Once a patient just died during my night shift, I felt almost panic-stricken. It was the first time I had to take the first step and then move the dead body downstairs. That was the first time [that I had to do that]. I felt so scared. While taking him downstairs in the bed I was single-minded in praying to God to help me pull myself together to do this job.

(Chang, former nurse assistant)

Although infrequent, whenever a nurse had to deal with a patient's death, even more intense emotion is created, as in this case. Some healthcare workers even felt responsibility for the death of the patients they had cared for and this could be a source of emotional distress. Kim, a former nurse, still remembers one of her patients who committed suicide at a ward out of despair from her illness:

I was so upset about her when I got to know that she had killed herself by jumping out of the window in the ward where she was staying. I really tried to set her at ease so as not to worry that she would eventually recover … and really cared for her. She actually passed the first milestone [the most difficult stage] and started to recover. It seemed she didn't believe me. But it was worse for R, my colleague who was on duty that night [when she committed suicide]. R was devastated and felt so guilty for not having been able to prevent the young patient's terrible accident. R really struggled to get over this haunting sense of [End Page 22] guilt. Clearly, it was not her fault, but even I felt very bad and deflated. What could we have done [to prevent it]? …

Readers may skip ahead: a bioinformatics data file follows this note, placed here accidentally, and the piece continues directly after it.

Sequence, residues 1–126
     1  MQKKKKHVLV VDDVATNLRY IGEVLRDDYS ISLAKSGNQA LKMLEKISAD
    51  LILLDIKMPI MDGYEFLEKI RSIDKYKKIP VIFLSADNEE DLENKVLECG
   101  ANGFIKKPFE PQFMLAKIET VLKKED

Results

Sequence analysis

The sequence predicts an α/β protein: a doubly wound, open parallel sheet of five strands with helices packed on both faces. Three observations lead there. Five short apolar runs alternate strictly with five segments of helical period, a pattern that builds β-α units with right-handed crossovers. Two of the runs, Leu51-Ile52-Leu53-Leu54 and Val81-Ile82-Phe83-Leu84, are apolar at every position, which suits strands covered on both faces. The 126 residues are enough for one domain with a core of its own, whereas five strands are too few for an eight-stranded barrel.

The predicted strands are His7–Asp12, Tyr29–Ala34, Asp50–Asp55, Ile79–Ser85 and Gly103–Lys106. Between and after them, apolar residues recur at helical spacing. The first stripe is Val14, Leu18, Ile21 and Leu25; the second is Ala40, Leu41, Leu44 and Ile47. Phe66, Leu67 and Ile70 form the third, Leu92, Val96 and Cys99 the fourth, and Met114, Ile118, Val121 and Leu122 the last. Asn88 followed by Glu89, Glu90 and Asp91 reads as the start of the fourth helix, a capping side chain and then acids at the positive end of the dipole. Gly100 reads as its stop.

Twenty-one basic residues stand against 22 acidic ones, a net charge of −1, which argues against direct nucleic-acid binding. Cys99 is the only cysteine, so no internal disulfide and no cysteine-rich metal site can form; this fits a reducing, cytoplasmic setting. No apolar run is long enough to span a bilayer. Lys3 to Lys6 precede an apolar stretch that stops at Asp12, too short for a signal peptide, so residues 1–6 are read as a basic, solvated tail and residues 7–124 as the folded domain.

(Kim, former nurse)